What to Know About Double Crop Soybeans

Take advantage of the opportunity to make more money per acre—consider adding wheat into your corn-soybean rotation. Consider double crop soybeans for future seasons since they can be tricky, but pay off.

“Wheat can be on the farm today and successful with a systems approach,” says Wade Wiley, lead licensing and market analyst at Beck’s Hybrids. He built a model of the past 30 years of historical data from USDA and worked with CropZilla to learn what advantage a double-crop system could provide.

“According to 30 years of data, 73% of the time the double crop rotation was more profitable than the normal corn-soybean rotation,” he adds.

Wheat can be beneficial in corn and soybean rotations for a number of reasons. For example, winter wheat can act as a cover crop after corn is harvested, resulting in less erosion, fewer weeds and soil microbial health benefits—all while still being a cash crop.

“Wheat also can reduce soybean cyst population and egg bank,” says Dan Davidson, research and technical coordinator for the Illinois Soybean Association.

Before jumping in on double crop wheat-soybeans consider these best practices for soybean health outlined by the Illinois Soybean Association:

  • Use early wheat harvest systems
    • Buy varieties that mature three to seven days sooner but maintain yield
  • Harvest wheat at 18% to 22% moisture and dry on-farm or at the elevator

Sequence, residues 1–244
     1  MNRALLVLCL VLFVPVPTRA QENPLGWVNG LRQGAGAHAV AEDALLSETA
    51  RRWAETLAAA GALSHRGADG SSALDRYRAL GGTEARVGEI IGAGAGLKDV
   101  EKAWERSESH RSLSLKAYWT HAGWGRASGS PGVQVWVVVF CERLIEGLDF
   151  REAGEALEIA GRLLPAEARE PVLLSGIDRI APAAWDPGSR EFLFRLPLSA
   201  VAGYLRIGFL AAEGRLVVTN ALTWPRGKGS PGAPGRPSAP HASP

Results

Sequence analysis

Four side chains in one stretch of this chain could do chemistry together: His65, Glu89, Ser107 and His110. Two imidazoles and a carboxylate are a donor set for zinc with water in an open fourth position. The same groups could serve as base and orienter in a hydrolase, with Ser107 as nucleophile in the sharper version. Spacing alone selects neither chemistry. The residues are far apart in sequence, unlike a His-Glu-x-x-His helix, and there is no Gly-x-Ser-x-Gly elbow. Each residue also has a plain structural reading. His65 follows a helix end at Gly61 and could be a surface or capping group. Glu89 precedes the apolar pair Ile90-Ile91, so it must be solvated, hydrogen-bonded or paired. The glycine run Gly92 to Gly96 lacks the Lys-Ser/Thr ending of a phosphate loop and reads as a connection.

• Consider wheat straw and its effect on planting
    • Hair pinning straw into the V trench can cause issues
  • Plant soybeans as early as possible
  • Consider narrow rows

According to CropZilla’s study, using a corn, wheat and double crop bean system adds a $13.29 advantage per acre when compared to just a corn-soybean rotation on a 3,000 acre farm.

Be sure to consider some limiting factors when double cropping. One such factor is herbicide carryover—if you use a long-lasting broadleaf herbicide in wheat that can be detrimental to soybeans. In addition, soil moisture and weeds at planting should be considered before seeding soybeans.

If you’re looking for a possible advantage—or just something different for your soils it could be beneficial to try double cropping. Your geography is unique, so be sure to speak with your local agronomist to determine your personal best management practices and if double cropping will work on your farm.

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